The power of professional clinical reflection

John Sanfey is the Revalidation Lead for NHS England, North West London Area Team and is the Chambers Lead Partner for Central South London Pallant Chambers, and instigated the cancer diagnosis and led it until recently.

Last year, the London appraisal teams asked GPs to prioritise cancer in their choice of case study within appraisal. There were three reasons: firstly, poor evidence of reflection is the most common reason for deferral of revalidation decisions. Secondly, cancer outcomes in the UK are below those expected in relation to similar countries, especially so in London. The third reason was that clinicians are often unfairly held to blame for the poor figures. The most positive solution to all these problems is for clinicians to become better at reflecting on clinical cases, and to use their professional reflection to drive development within the health service.

The appraisal teams made no attempt to collect information brought to appraisals, which remain private conversations, and rightly so. However, it is clear from appraiser feedback that a large number of useful observations on preventable cancer delays have been made, and that there is considerable potential to improve pathways. Many little delays result from clumsy interaction between primary and secondary care and should, in theory, be easily remedied.
Putting reflection to practical use is beyond the remit of appraisers, and we have handed over control of this whole initiative to the RCGP and the cancer commissioning services who have the full support of the CCGs, the secondary care providers, Londonwide LMCs, Macmillan Cancer Support and CRUK.

This therefore does create an opportunity for locum and salaried GPs to make a big impact on clinical care beyond their personal work. One-third of London GPs are locums; a case study is an excellent way to become involved in practices and CCGs, and to initiate quality improvement. After all, the whole point of the exercise is to create the circumstances where a single, well-reasoned clinical analysis has the potential to cause impact well beyond the personal practice of the individual who conducted the case study, and this can be done just as well by a locum as any other doctor. It is worth remembering that you can seek feedback from the practice or CCG long after a case study has been shared to see what changes have been made as a consequence. If those changes are objective, then you have completed a two-cycle audit. You can ask a practice for permission to scan the last twenty cancer diagnoses and look for a suitable case to study.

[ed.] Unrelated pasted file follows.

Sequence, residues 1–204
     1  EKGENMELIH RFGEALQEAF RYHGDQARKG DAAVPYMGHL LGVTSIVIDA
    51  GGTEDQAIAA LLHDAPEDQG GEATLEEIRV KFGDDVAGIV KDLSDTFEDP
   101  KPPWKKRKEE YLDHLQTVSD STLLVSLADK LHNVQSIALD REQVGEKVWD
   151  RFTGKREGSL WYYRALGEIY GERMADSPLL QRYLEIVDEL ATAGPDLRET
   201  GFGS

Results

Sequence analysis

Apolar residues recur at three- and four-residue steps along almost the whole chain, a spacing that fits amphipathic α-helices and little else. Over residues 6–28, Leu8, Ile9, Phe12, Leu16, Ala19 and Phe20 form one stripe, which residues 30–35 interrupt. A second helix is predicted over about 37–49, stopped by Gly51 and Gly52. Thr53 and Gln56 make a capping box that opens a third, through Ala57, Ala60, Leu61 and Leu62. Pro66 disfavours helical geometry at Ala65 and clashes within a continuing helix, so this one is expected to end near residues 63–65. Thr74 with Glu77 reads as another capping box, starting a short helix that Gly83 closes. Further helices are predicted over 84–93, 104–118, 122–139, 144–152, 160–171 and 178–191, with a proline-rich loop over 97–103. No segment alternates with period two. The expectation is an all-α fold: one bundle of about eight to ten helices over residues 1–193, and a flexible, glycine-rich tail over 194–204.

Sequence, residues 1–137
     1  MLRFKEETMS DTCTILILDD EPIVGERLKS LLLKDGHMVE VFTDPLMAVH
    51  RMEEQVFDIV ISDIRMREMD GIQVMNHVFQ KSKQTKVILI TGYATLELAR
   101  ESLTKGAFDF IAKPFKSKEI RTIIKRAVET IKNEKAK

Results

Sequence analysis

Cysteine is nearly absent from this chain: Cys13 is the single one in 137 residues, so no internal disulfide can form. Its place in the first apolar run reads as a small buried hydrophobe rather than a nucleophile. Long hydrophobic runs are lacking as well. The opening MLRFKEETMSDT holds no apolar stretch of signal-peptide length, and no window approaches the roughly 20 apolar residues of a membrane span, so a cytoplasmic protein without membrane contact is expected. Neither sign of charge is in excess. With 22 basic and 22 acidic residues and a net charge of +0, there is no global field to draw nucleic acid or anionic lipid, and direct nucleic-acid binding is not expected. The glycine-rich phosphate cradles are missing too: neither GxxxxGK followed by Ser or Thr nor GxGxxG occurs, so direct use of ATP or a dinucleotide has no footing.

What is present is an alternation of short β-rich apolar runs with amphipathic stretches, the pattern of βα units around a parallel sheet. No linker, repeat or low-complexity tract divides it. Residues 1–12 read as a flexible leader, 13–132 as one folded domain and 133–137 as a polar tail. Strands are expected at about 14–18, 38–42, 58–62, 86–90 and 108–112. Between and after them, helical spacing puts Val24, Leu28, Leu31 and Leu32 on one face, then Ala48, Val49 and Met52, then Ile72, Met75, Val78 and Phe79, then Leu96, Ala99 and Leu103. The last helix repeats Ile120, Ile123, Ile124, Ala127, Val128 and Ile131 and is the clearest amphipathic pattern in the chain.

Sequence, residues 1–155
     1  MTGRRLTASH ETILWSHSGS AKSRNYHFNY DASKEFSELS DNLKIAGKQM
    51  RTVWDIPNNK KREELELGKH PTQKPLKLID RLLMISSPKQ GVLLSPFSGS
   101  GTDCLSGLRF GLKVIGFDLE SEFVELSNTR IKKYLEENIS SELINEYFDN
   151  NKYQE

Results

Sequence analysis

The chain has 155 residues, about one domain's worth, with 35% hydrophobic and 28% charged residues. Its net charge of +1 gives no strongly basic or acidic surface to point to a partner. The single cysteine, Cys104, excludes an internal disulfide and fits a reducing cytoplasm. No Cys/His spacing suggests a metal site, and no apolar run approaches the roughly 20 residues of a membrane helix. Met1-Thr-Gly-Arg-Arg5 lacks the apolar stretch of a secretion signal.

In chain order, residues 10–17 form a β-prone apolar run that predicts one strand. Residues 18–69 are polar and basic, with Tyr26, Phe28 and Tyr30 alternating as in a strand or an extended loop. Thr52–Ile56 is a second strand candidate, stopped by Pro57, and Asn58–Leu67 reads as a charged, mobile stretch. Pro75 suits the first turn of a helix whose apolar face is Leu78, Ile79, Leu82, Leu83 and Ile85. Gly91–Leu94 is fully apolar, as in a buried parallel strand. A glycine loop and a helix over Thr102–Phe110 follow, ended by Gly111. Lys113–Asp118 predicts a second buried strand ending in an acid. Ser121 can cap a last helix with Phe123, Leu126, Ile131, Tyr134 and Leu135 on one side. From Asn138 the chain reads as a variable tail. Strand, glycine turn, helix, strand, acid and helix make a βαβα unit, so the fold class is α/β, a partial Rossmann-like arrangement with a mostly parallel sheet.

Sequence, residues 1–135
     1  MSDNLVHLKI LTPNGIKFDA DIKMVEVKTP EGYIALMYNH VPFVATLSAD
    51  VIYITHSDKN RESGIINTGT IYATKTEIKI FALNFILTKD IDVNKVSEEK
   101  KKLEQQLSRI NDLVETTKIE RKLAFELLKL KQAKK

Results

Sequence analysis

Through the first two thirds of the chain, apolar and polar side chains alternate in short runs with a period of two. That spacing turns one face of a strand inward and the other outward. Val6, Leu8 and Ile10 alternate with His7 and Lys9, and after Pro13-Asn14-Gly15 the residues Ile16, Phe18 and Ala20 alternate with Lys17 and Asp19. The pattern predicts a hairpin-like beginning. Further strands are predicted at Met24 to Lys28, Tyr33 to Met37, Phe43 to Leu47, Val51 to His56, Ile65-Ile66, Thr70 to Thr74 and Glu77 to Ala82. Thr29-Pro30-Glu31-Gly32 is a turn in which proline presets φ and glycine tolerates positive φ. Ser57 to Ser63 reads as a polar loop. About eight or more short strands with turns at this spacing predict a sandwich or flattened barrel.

The essential element is good, individual case studies. If you have identified a potentially avoidable delay in a patient’s journey to cancer treatment, you can describe this event in an email to England.SEA-RCGP@nhs.net. It is not necessary at this stage to have completed a full case study; a simple reply is sufficient for now. A GP facilitator will triage the responses and investigate how to put your observations to good use. In many cases this will mean helping you to think your cases right through to their logical conclusions in order to harvest the maximum impact from them.

A conference is planned for later in the year, which you may wish to attend. It will be an opportunity to review progress, share success stories, analyse your own cases and plan quality improvement in small multidisciplinary workshops.

You are encouraged to discuss these cases within your appraisal, but this remains a separate, private process. Appraisal is an opportunity to develop reflective skills and to think through quality improvement ideas with a colleague.

A copy of the current cancer case study template can be found here.

John Sanfey
john.sanfey@pallantmedical.org.uk

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